First a set theoretic definition: Let E be a measurable set (in terms of Lebesgue measure) in Rn. A dissection of this set is a collection C that consists of disjoint, measurable sets whose union is E.

Let f be an extended real function defined on E, and let C be a dissection of E. For every set Cr in C, let

B (f) = sup f(x)
 r      x∈C
           r
b (f) = inf f(x)

 r      x∈C
           r
h (f) = sup f(x) = max(|b (f)|, |B (f)|)
 r      x∈C              r        r
           r

Let us say that if hr(f) = ∞ and m(Cr) = 0, or vice-versa, then we take hr(f)m(Cr) = 0. A dissection C such that

Σ h (f)m(C ) < ∞
   r      r

is called admissible. Let the collection of all admissible dissections for a function f over a measurable set E be denoted A(f, E) or just A, if the function and set are understood.

For any dissection C in A, we define the sum

S (f) = Σ B (f) m(C )
 C         r       r

to be the upper approximating sum and similarly

s (f) = Σ b (f) m(C )
 C         r       r

for the lower approximating sum of f over E corresponding to C.

We now define the upper integral with respect to Lebesgue measure as

 *
∫ f = inf S (f)
 E    C∈A  C

and the lower integral as

∫  f = sup s (f)
 *E    C∈A  C

We say that a function f is Lebesgue integrable over a set E if its upper and lower integrals over E are equal, and the value of both is defined to be the Lebesgue integral of f over E.

Clearly, any function is integrable over a set of measure zero, and its integral is zero. Also, any function that is zero almost everywhere (such as the Dirichlet function) is integrable over any set, and its integral is also zero.

A necessary and sufficient condition that f should be integrable over E is that for any ε > 0 there should exist an admissible dissection C of E where SC - sC < ε.

There other ways of defining the Lebesgue integral, such as the Daniell integral, which are equivalent.

This is clearly a much more complicated definition of the integral than the Riemann integral, but it has many benefits over that definition, chief of which is that the set of functions integrable in this way forms a Banach space given the natural norm, the Riesz-Fischer Theorem establishes this important result. Also many other functions whose integral does not exist in the Riemann definition have Lebesgue Integrals.

dido's writeup is not entirely correct. The Lebesgue integral is not defined for every extended real function. The function must be measurable. For bounded continuous real valued functions over a set of finite measure, the Riemann integral and Lebesgue integral coincide. The Lebesgue integral of a measurable function may be defined as follows. (Throughout this I shall be concerned only with the Lebesgue measure on R, the real line, which will be denoted by m. If the set over which an integral is taken is not specified, it is assumed to be all of R.)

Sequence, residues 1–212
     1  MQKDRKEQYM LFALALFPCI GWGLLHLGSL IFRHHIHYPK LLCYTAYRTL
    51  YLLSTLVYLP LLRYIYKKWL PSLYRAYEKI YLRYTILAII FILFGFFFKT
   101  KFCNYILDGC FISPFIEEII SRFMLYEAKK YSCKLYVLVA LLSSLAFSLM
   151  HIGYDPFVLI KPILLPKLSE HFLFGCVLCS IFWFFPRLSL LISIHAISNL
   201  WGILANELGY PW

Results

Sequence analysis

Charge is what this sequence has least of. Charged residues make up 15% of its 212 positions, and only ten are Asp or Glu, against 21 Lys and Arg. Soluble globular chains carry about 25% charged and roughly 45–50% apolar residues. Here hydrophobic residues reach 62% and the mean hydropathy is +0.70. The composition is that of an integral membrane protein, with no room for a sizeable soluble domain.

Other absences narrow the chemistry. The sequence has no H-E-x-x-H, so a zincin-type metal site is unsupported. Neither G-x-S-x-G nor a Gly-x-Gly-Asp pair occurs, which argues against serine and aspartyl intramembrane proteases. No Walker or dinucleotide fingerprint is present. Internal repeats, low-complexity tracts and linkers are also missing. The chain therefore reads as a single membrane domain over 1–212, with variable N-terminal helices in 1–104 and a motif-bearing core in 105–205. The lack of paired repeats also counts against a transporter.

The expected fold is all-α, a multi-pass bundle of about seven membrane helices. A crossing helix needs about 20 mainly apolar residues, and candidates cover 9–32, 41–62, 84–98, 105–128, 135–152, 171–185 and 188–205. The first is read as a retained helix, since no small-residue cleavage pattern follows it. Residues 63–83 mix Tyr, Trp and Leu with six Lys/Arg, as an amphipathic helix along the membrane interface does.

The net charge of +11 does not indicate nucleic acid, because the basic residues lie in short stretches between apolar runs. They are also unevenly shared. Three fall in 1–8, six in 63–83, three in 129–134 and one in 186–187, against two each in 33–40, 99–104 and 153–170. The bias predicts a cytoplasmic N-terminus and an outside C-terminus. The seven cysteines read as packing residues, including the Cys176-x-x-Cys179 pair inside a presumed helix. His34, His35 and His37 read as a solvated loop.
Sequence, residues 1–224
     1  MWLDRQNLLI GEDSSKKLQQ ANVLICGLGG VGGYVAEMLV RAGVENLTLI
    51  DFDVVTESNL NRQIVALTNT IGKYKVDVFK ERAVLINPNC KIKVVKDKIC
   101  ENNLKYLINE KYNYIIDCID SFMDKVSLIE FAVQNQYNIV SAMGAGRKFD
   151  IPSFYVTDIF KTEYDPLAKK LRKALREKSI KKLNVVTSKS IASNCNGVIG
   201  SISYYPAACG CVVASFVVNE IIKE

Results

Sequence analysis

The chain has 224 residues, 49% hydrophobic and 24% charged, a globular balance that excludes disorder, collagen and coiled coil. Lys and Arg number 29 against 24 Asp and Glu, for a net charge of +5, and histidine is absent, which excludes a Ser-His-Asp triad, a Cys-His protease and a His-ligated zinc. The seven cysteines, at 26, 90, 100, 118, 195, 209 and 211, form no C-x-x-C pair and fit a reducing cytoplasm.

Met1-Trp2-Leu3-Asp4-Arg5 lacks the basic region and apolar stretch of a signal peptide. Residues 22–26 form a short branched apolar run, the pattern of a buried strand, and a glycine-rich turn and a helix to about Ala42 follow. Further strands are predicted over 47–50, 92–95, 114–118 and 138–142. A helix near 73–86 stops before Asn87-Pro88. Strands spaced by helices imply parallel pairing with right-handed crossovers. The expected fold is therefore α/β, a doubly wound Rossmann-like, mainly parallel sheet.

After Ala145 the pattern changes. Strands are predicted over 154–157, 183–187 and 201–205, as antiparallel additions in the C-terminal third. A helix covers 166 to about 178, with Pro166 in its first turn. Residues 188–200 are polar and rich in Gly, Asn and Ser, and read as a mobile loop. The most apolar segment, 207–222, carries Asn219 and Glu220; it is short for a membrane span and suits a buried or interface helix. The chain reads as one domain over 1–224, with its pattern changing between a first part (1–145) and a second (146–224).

First we need some definitions.

Let m* denote the Lebesgue outer measure. A subset E of R is measurable, with respect to the Lebesgue measure iff for any subset A of R

m*(A) = m*(AE) + m*(AR\E)

This is the so-called Carathéodory criterion. Since the Lebesgue outer measure is countably sub-additive, we need only require that

m*(A) ≥ m*(AE) + m*(AR\E)

An extended real function ƒ:RR is measurable iff for every extended real number α, the set {x | ƒ(x) > α } is measurable. (This condition is equivalent to the condition that the sets where ƒ(x) ≥ α, ƒ(x) < α, ƒ(x) ≤ α are each measurable.)

Let E be a subset of R, then the characteristic function of E, denoted ΧE is defined by

ΧE(x) = 1 if x is in E, 0 otherwise.

An extended real function φ(x) is a simple function iff it assumes only a finite number of values and is measurable (Note: some authors only require that a function assume only a finite number of values in order to be simple; however, for the sake of brevity, I shall only consider so-called measurable simple functions).

If φ(x) is a simple function, then it has a canonical (but not unique) representation

φ(x) = Σ aiΧAi(x) 1 ≤ iN

where Ai = { x | φ(x) = ai}. Note that these are disjoint measurable sets.

For any nonnegative simple function φ(x), with the above canonical representation, and measurable set E we define the Lebesgue integral of φ(x) over E to be

E φ dm = Σ aim(AiE) 1 ≤ iN

For any nonnegative extended real-valued measurable function ƒ we define the Lebesgue integral of ƒ to be the supremum of all ∫ φ dm, where φ is a simple function such that 0 ≤ φ ≤ ƒ

For a nonnegative extended real-valued measurable function ƒ and a measurable set E, we define the Lebesgue integral of ƒ over E, denoted ∫E ƒ dm, to be ∫ ƒ*ΧE dm

A nonnegative extended real-valued measurable function ƒ is (Lebesgue) integrable over a measurable set E iffE ƒ dm < ∞

If ƒ is an aribitrary extended real-valued function we defined the postive part, denoted ƒ+, of ƒ to be

ƒ+(x) = max{ƒ(x),0}

Similarly the negative part of ƒ, denoted ƒ-, is defined as

ƒ-(x) = max{-ƒ(x),0}

Note that the postive and negative parts of ƒ are both nonnegative extended real-valued functions, and if ƒ is measurable then so are ƒ+ and ƒ-.

An arbitrary measurable function ƒ is integrable over a measurable set E iff ƒ+ and ƒ- are integrable over E, in which case we define the Lebesgue integral of ƒ over E to be

E ƒ dm = ∫E ƒ+ dm - ∫E ƒ- dm

Note that ƒ = ƒ+ - ƒ- and |ƒ| = ƒ+ + ƒ- so that ƒ is Lebesgue integrable iff |ƒ| is Lebesgue integrable, which is not the case for Riemann integrable functions.

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